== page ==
Are there ever occasions where the “killing with kindness” principle wouldn’t apply? Well, it depends, to some extent, on what your definition of kindness is. Does kindness always imply gentleness? Jesus certainly doesn’t demonstrate gentleness as he overturns the money changers’ tables at the Temple (John 2:14-15).

Rather, kindness is better defined by always putting the goodwill of another ahead of your own. That could take many forms.

Jesus lived every moment for our sake and finally died for our sake to bring us eternal paradise. You don’t have to worry about yourself anymore. This frees you to show concern for others. And just think: if you consistently show kindness, even to your enemies, what good might God bring through you?

In disagreement, the goal is not to win an argument. Your odds of bullying someone into seeing things your way are not good. The real goal for a Christian is to glorify God by pressing toward the truth in love (i.e. kindness). It just so happened that God also designed that method to be effective too.

Nothing Personal. But It’s Not Just Academic.


In my last post I tried to provide some helpful talking points with which to engage Darwinian Evolutionists. Specifically, the encouragement was to circle back to the following issues: 1) Everything that has a beginning has a CAUSE; 2) Everything that has complex order has INTELLIGENCE behind it; and 3) If notions about God biologically developed merely for survival, then logically, so did notions against God.

I reiterated that while these truths won’t convince anyone of God’s existence, they generally will cause someone to pause and say, “Hmmm. That’s interesting.” In other words, these points might help remove an obstacle that had otherwise caused someone to write off the God of the Bible.

The conclusion that I’m hoping many people arrive at through such debate, then, is not that someone start worshipping Jesus as Lord and Savior as the result of my points. That’s asking logic to do something which the Bible teaches only the gospel can do (Rom. 10:17). Rather, my hope is to impress upon someone that two intelligent, educated, thoughtful people can arrive at very different conclusions despite looking at the same information. (As a live illustration of this, check out the dialogue thread beneath last week’s post.) Just because I don’t entirely buy what I read in my biology or geology textbook doesn’t make me a fool. If everyone accepted as conclusive everything they ever read in a textbook, the world wouldn’t have seen the genius of Galileo, Newton, Edison, or Einstein.

So, if it’s true that intelligent people can come to differing conclusions about God’s existence, despite looking at the exact same evidence, WHY do they come to the conclusions they do?

Jonathan Haidt is a social & moral psychologist who wrote the New York Times bestseller The Righteous Mind. Haidt, not a Christian, offers a tremendous amount of research which suggests that our instincts, our gut, are what truly drive us to do what we do. Much like other notable social psychologists before him (e.g. Leon Festinger), Haidt suggests that humans are capable of rationalizing any and every behavior or belief to themselves. This rationale is generally just a coping mechanism to close the gap between what we think we should be and what we actually are. Rationalization soothes any unrest that exists inside of us.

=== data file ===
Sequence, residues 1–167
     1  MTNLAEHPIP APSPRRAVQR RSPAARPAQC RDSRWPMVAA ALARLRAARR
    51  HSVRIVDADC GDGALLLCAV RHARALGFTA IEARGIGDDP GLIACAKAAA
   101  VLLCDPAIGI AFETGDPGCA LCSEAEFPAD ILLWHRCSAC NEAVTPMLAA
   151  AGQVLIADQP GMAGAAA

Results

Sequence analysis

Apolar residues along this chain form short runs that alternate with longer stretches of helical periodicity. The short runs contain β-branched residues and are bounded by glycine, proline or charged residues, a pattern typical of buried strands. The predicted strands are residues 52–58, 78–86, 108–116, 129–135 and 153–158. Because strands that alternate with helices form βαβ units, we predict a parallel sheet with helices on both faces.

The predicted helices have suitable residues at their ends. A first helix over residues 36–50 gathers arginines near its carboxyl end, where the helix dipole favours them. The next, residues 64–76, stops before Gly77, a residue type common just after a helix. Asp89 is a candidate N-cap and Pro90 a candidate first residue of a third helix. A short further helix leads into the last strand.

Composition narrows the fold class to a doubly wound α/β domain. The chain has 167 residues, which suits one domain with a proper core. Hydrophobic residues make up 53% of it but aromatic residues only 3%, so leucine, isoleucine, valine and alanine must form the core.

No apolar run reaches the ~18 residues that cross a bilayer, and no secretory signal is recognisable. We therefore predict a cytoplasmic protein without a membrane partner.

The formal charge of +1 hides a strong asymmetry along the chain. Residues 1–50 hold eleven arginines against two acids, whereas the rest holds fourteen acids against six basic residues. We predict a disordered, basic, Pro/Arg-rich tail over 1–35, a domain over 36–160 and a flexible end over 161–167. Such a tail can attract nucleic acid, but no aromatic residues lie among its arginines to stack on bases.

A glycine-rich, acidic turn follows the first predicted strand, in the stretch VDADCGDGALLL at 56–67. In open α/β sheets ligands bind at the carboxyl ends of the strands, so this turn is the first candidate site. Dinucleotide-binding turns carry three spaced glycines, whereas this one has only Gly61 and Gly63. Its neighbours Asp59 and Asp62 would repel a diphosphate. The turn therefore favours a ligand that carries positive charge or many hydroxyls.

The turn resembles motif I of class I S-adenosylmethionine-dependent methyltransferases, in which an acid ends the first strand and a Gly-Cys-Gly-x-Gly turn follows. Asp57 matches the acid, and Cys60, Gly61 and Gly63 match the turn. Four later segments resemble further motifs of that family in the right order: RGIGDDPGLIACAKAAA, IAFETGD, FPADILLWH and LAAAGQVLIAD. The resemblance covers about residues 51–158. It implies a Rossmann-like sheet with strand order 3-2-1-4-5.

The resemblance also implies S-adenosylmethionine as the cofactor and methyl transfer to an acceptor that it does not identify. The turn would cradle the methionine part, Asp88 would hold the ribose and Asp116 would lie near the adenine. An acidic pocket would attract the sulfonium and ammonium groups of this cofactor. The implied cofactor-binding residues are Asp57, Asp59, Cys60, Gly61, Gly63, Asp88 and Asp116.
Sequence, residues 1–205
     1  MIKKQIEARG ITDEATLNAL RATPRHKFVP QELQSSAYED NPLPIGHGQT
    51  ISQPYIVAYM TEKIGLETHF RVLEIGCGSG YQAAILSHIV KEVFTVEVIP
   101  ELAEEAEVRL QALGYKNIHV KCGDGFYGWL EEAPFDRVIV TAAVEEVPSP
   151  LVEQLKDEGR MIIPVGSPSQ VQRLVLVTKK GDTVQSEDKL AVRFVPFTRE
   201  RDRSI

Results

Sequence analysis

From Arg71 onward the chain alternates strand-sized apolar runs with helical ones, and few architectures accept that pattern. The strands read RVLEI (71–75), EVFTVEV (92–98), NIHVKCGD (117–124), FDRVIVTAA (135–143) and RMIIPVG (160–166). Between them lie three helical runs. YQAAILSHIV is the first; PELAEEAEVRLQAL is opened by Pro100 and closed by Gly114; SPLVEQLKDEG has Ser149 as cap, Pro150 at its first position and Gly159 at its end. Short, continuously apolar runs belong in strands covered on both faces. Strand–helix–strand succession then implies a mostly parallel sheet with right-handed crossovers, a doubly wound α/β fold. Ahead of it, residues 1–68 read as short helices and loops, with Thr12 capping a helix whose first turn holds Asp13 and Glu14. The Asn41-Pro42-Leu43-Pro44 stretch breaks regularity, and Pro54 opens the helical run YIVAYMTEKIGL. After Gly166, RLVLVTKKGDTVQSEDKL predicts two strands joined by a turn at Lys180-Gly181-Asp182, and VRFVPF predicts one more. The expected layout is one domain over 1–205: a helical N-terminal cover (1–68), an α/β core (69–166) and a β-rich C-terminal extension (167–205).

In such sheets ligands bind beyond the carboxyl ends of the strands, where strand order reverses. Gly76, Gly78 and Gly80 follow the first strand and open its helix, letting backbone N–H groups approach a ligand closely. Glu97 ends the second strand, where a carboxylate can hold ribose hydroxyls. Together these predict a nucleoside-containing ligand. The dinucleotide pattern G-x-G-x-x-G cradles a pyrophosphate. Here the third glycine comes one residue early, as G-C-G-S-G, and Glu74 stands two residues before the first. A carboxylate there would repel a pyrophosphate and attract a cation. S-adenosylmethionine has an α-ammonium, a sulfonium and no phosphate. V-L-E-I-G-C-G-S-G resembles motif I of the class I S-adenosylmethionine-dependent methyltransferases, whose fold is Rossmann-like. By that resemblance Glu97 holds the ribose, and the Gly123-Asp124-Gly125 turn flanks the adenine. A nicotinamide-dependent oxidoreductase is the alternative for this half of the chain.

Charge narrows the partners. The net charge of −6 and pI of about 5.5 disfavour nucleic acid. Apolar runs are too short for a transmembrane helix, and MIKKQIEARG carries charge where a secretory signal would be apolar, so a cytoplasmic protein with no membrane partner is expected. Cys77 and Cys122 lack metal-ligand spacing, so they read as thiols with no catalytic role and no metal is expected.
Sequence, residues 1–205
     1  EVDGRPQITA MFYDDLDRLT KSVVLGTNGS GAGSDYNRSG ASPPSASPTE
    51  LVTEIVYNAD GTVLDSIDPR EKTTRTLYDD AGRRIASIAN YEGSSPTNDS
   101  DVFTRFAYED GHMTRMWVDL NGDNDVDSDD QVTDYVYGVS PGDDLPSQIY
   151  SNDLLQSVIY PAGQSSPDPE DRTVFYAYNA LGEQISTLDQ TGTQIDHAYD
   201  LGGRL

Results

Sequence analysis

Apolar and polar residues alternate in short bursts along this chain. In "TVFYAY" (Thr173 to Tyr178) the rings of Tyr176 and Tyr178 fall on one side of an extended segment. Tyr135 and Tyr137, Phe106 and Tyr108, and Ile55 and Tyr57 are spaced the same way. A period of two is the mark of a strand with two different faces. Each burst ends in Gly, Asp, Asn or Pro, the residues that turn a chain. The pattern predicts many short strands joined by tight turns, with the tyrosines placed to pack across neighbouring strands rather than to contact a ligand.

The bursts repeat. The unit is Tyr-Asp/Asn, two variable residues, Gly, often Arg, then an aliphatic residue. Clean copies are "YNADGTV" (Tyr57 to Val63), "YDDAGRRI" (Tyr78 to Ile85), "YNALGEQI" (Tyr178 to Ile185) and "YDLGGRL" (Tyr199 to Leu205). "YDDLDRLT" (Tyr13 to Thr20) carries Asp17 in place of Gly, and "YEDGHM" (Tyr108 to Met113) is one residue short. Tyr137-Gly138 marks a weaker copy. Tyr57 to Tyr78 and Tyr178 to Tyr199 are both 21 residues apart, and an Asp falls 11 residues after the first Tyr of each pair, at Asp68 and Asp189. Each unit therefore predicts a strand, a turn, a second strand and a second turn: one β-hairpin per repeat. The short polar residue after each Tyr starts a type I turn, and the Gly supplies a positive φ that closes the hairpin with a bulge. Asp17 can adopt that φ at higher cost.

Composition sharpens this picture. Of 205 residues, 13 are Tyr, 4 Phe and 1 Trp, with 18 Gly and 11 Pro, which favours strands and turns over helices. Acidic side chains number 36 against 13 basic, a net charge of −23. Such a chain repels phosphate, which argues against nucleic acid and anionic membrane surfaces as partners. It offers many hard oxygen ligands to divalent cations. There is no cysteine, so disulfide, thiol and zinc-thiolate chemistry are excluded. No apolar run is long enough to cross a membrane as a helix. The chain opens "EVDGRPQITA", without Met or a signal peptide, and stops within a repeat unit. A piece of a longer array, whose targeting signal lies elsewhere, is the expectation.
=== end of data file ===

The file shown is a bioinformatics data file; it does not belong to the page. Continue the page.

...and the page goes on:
What Haidt is concluding then is that we humans like to think that we believe what we believe based on our thoughts and choices. But, on the contrary, what study after study seems to indicate is that we believe what we believe based on something else, and that our thoughts are merely attempts to find internal peace with our beliefs and behavior. Put differently, we believe what we want to believe, and we use our logic to convince ourselves and convince others that it is “right.”

I think he’s on to something.

So, how might this apply to belief in the existence of God?

I’ve spoken with a number of Christians who have struggled to understand why anyone would willfully choose not to believe in God. Of course, they often say this in reference to a loved one who has chosen not to believe in God, who has generally offered the reasoning of, “I just don’t see enough evidence.” But as I mentioned earlier, if Jonathan Haidt is right, that our beliefs are less based on evidence than they are on our wants/desires, then what would potentially be the “want” at the heart of atheism/agnosticism?

Let me propose this. Very few in the world would deny that there are various orders of life in the organic world. So, if I ask which is a higher form of life? Animal or plant? Most everyone will say animal. This can generally be illustrated by asking the question “If one or the other had to die, which would better?” Innately, most everyone will say “plant” ahead of animal. Take this a step further. Which is a higher form of life? Human or animal? Unless you’re so extreme that even PETA would consider you “a little weird for animals,” then you will choose human life over animal life. The laws of every civilization throughout history have reflected this basic truth. Okay, so our hierarchy of life right now looks like this, plants < animals < humans. The Bible teaches that there is a rung of the ladder beyond this. Fascinatingly, the secular scientific community is starting to regularly propose weird ideas concerning this too. The Bible’s very clear assertion, however, is that God is at the top of this chain of command.